I would say up to you on what you are willing to spend, how often you realistically intend to use it, and how much you care about the extra couple seconds. For me, I don't use boot disks all that often, so an ordinary 100MB/s USB 3 stick is fine for my needs even if I have faster options available.

WallEx ,

Curious, do you have examples of those high end flash drives?

Veraxis ,

My particular testing was with an SSK SD300, which is roughly 500MB/s up and down. I have benchmarked this and confirmed it meets its rating.

I have thought about buying something like a Team Group C212 or Team Group Spark LED, which are rated at 1000MB/s. The 256GB version of the C212 is available on places like Newegg and Amazon for around $27 USD at time of writing, but they make variants as high as 1TB.

Presi300 ,
@Presi300@lemmy.world avatar

Definitely go with an external nvme enclosure

Hiro8811 ,
@Hiro8811@lemmy.world avatar

Nvme would be much faster, I personally use the one from ugreen which is ~30€ plus a nvme with 2-3gb read/write speed for around 100€. You can find 1tb for 100€. I don't know any good USB sticks that can do that much

cmnybo ,

A USB stick will be fine for ventoy unless you are using persistence and writing lots of data to it.

An NVMe drive in an enclosure is better if you don't mind the larger size and higher cost. A good NVMe drive will contain higher quality flash memory and have better wear leveling than a USB stick. There are USB 4 and thunderbolt enclosures available that can transfer over 3 GB/s.

lemmyvore ,

Reminder to check the chipsets on your enclosures. Return anything made with JMicron, they're crap and will overheat under long transfers.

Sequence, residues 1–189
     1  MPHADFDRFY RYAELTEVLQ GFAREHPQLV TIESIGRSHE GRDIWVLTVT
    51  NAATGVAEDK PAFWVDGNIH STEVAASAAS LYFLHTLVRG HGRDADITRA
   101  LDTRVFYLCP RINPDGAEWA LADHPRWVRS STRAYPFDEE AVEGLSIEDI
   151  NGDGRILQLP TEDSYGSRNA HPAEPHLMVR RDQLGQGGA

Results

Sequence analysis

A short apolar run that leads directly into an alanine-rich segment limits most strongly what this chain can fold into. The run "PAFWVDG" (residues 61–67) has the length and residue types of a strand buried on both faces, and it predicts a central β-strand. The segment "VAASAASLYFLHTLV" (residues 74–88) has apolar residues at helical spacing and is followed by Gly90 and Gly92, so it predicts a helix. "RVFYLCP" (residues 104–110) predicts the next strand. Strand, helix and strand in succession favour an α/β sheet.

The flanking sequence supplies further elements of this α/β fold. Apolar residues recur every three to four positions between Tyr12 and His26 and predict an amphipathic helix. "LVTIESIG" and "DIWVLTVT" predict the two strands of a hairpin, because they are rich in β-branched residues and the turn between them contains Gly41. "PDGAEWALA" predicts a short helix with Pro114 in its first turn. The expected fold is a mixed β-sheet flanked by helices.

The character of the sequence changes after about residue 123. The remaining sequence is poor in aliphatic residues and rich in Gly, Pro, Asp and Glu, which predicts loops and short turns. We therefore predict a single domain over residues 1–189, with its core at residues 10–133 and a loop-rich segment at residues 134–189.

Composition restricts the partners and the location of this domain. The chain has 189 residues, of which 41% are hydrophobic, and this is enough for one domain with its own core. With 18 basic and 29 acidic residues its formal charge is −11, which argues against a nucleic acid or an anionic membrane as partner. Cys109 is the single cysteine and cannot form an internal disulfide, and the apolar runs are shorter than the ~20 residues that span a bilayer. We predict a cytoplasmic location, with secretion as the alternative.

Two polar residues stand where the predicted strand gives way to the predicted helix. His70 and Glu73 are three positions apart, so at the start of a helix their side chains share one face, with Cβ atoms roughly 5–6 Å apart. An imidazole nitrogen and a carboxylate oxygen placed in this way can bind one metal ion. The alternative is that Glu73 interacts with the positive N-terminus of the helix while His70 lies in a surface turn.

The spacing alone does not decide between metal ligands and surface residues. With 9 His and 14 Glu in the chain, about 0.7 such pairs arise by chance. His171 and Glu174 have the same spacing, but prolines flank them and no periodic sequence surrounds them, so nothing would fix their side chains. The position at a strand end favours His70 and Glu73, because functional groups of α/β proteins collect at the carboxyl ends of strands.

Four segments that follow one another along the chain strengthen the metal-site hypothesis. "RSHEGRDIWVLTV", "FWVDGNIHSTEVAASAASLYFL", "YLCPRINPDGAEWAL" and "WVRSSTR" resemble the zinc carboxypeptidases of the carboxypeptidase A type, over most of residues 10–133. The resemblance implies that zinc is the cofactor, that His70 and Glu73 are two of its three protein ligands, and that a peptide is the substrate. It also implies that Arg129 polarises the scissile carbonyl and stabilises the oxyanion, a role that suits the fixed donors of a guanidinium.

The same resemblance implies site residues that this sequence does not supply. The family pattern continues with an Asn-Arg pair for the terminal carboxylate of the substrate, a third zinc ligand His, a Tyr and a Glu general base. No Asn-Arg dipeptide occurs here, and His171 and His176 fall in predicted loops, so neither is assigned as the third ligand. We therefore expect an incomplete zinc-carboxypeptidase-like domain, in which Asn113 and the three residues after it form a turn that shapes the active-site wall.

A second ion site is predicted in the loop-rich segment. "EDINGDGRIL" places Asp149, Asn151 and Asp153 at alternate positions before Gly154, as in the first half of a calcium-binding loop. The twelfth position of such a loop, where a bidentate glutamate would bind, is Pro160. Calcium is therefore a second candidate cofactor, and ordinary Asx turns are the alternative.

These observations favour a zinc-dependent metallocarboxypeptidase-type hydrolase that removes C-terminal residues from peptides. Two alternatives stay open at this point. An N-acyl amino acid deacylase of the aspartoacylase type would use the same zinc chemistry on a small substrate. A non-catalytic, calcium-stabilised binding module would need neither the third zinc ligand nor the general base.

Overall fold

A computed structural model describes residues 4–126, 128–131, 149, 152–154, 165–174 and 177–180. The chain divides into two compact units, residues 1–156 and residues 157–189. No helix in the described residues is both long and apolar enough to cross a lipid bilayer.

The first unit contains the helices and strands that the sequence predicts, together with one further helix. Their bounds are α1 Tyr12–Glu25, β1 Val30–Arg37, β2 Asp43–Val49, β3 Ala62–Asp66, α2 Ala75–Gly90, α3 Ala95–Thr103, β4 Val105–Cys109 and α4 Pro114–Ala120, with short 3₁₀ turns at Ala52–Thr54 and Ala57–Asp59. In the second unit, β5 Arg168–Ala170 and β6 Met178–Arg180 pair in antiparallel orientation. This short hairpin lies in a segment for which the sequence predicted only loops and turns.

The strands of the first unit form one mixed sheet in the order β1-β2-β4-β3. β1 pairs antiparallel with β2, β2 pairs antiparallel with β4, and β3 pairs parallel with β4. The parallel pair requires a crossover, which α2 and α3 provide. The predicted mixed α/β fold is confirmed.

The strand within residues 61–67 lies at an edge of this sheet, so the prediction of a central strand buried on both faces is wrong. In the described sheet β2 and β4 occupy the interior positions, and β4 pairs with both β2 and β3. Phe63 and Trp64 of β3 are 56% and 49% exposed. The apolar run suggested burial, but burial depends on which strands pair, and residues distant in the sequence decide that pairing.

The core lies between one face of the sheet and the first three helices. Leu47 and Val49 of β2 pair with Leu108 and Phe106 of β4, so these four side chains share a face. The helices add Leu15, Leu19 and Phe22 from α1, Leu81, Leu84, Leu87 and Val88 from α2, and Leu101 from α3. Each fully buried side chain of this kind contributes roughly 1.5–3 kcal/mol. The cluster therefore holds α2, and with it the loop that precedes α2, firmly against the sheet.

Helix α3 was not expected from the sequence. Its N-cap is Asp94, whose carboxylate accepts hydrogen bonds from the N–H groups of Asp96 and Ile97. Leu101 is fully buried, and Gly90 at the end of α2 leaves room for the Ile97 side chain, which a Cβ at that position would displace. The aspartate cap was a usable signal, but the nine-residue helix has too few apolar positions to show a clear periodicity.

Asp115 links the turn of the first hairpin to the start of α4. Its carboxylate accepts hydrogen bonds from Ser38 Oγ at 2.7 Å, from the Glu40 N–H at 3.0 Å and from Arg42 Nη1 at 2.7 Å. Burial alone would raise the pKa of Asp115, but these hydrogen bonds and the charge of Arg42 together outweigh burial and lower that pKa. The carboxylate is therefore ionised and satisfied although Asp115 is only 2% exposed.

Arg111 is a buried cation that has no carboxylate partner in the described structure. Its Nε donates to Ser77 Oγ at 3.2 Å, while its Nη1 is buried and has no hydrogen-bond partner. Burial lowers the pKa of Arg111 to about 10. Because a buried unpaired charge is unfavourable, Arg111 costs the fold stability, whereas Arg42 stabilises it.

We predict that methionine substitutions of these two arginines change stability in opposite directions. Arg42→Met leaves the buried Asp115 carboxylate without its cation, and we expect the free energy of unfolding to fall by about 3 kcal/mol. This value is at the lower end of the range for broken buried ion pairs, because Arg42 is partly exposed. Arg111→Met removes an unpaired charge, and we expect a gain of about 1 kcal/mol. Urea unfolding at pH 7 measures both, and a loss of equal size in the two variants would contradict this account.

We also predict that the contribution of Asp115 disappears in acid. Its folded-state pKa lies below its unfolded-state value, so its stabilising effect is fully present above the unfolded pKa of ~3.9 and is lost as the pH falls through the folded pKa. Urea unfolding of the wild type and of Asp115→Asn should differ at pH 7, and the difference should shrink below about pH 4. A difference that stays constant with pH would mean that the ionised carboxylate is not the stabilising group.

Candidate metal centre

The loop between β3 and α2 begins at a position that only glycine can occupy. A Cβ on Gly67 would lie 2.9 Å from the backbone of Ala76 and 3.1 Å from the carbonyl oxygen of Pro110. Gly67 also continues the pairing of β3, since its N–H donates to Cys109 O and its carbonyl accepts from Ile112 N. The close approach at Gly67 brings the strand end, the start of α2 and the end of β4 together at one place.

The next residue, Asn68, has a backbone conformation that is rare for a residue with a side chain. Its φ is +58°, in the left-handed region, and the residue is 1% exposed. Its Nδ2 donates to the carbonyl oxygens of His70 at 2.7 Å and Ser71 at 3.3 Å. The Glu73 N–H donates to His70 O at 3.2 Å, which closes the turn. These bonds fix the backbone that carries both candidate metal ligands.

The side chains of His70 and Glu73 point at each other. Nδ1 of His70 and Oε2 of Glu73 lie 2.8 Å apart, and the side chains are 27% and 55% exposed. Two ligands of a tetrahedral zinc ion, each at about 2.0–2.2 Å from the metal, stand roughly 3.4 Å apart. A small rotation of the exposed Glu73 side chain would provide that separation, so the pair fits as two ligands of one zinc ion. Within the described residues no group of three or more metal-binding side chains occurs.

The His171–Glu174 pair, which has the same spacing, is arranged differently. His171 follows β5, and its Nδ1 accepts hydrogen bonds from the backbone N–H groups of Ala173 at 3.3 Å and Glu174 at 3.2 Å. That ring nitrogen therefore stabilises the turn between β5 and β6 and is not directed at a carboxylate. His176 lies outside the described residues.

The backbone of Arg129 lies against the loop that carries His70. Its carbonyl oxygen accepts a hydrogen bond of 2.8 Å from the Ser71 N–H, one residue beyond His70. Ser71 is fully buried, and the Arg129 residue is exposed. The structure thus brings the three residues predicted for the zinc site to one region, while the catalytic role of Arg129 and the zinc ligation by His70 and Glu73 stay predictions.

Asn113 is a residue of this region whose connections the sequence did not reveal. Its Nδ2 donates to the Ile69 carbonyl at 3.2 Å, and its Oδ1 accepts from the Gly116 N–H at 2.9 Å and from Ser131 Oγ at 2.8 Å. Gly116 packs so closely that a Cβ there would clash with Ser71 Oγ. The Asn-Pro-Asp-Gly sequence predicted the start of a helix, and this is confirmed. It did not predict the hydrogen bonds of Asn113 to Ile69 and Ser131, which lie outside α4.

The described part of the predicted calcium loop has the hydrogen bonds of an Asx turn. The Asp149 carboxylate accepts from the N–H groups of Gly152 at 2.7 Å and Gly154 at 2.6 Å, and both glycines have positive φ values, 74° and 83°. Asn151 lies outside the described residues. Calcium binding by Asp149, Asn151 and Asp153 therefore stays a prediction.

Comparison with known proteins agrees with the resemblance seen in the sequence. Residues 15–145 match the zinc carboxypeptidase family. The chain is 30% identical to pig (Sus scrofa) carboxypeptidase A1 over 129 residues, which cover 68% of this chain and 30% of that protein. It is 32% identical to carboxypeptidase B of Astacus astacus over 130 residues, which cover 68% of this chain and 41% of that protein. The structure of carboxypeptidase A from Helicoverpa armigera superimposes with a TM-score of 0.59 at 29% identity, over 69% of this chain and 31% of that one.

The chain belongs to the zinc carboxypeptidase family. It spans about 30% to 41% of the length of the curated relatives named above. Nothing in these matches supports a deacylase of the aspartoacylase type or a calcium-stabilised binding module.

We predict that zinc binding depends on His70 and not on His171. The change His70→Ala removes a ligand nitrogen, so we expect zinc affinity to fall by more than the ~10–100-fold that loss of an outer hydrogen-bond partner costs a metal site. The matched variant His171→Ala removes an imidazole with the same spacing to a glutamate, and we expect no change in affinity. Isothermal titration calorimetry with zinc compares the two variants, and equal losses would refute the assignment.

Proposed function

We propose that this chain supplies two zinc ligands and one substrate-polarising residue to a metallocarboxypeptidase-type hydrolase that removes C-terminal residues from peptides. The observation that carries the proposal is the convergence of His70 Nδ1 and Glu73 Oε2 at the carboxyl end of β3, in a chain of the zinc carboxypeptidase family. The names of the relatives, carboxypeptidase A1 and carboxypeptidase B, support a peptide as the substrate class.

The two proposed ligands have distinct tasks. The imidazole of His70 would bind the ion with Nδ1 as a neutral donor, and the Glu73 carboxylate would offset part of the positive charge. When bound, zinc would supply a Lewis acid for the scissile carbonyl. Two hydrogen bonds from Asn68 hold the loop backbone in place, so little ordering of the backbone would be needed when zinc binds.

WallEx ,

Possible typo? I think you meant to wright "aren't" in the first sentence.

EddoWagt ,

If you use a usb 3.2 gen 2 port, your max speed will be 1250 MB/s, pretty much every nvme ssd will be able to max that. Fast USB sticks will undoubtedly be very close, but might not have the same sustained write speeds compared to an SSD (With Dram cache).

If you're just going to use it for recovery ISOs or installations it's probably not going to matter much, I regularly use USB 2.0 usb sticks for that purpose just fine.

It's up to you though, I had an nvme ssd laying around and bought an enclosure for it, I get about 1000 MB/s read and write with it.

So if you have an ssd laying around I think that would be a good option, but a usb stick will be fine as well and would be a little bit more compact, if that matters to you

WallEx ,

I have yet to see a USB stick that exceeds 200mb writes, do you have an example? Still have a old Samsung stock, since the "new ones" always were slower

EddoWagt ,

OP has a link with a bunch of SSDs and their speeds, if that website is accurate, their appears to be a few